The New Yorker asks if hip-hop is dead

IS THE LAST GREAT HIP-HOP SINGLE Lil’ Wayne’s “A Milli?’ According to the New Yorker, it very well may be.

In this week’s New Yorker, Sasha Frere Jones — who mans the mag’s pop music coverage — discusses the death of hip-hop. Though Nas may have done it with more street cred in ’06, the New Yorker‘s  “Out Loud” podcast features Jones’ point of view, which compares certain current artists with hip-hop of the past, and muses on the future of the genre and pop music in general. He cites Lil’ Wayne’s Carter III as the last great rap album… but does that mean hip-hop is dead? Should we be in mourning?

On Jay-Z’s new LP:

That record feels to me like a transitional album. Its a guy who can’t do what he used to do, and he’s smart enough to see that there’s a new thing happening that isn’t necessarily hip-hop … its a combination of pop and techno and more of a club feel …  He kind of pulls it off and he kind of doesn’t.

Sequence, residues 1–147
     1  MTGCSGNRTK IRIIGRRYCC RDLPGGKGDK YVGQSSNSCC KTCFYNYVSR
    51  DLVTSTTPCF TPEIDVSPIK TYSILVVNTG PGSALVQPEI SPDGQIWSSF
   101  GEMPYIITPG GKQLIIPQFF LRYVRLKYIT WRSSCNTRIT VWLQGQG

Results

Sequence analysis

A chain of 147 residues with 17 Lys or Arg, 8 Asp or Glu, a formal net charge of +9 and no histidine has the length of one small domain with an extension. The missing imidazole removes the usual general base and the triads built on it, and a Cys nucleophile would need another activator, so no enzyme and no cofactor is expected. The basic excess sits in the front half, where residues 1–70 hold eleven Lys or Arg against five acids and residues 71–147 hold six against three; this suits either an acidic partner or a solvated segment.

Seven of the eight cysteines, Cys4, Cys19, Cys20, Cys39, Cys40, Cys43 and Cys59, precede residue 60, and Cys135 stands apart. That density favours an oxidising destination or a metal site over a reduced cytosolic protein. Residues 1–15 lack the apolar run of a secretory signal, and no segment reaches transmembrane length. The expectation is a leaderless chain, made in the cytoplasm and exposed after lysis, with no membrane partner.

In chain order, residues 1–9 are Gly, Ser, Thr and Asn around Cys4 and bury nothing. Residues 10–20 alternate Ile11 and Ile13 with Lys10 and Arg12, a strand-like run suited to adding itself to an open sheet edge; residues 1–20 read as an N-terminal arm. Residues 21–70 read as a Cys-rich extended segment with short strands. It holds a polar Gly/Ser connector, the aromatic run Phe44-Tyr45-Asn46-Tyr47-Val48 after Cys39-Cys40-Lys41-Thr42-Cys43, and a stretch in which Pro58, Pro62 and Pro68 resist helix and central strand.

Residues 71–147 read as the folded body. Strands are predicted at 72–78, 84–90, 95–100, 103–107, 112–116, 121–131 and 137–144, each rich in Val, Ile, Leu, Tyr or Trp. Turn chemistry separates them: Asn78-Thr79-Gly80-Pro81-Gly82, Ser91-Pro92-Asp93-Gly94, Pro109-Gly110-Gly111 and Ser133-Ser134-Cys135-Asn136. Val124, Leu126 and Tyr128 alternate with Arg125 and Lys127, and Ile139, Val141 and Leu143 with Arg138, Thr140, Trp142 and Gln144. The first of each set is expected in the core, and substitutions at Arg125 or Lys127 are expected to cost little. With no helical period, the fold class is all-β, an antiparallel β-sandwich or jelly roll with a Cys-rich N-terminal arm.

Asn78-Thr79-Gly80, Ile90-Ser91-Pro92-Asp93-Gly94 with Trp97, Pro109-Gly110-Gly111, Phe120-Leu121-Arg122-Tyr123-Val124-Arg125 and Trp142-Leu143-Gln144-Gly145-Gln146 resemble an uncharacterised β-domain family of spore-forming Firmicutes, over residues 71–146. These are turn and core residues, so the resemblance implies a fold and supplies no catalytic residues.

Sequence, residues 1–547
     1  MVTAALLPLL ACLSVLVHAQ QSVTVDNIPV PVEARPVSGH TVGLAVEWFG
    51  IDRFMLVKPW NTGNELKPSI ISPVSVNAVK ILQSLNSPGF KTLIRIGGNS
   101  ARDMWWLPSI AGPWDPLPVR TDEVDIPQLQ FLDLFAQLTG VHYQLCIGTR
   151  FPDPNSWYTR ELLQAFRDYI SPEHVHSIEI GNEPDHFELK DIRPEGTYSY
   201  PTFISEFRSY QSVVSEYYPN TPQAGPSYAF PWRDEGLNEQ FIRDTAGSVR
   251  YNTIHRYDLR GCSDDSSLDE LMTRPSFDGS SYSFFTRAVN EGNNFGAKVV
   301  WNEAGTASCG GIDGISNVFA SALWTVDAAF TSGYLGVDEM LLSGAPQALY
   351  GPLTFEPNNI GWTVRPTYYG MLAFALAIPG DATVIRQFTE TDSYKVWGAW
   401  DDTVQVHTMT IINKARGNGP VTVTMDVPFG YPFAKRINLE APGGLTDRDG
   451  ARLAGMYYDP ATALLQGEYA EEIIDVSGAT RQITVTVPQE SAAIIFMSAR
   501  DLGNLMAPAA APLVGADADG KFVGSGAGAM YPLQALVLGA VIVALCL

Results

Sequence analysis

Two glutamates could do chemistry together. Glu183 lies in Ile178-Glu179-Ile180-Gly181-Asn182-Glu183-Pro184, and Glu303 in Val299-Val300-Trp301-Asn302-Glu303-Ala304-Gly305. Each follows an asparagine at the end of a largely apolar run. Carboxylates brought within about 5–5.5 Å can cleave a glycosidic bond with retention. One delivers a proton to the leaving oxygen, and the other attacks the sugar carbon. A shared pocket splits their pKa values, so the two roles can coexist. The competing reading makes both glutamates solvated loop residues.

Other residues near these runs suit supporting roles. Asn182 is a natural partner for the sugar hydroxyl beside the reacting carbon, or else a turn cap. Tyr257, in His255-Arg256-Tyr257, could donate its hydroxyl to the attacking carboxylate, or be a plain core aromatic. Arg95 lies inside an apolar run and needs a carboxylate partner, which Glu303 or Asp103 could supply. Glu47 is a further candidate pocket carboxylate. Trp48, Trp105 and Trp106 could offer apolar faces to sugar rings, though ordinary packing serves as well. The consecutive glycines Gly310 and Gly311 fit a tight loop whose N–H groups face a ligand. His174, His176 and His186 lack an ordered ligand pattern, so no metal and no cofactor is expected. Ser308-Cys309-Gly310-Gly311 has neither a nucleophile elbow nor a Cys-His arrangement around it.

On the track “DOA,” Jay-Z swaggers like he did in the 90s. The first track is “slow silky disco or something weird,” Jones said.

On the Rae-Kwon record:

It’s a great record but its as if they all turned to each other and said ‘okay let’s just make an old Rae-kwon record…lets not even try.’ …its a sinister kind of crackly sound… you want a Wu-Tang record? Here’s a great Wu Tang record.

On Freddie Gibbs, out of Gary, Indiana:

Freddy Gibbs was very explicit when we spoke about being a fan early 90s gangster rap. That’s what he’s trying to do, I mean he’s basically doing 90s gangster music… He’s got a great instrument in his voice… very clear-eyed about everything.

He isn’t signed right now, but that may be a good thing. Album sales are down this year by 14%, and under that umbrella, rap sales are down 12%. The chances of another great hip-hop album? “I don’t think it matters … look at the history of popular music — something radical and fantastic always pops up,” said Jones.

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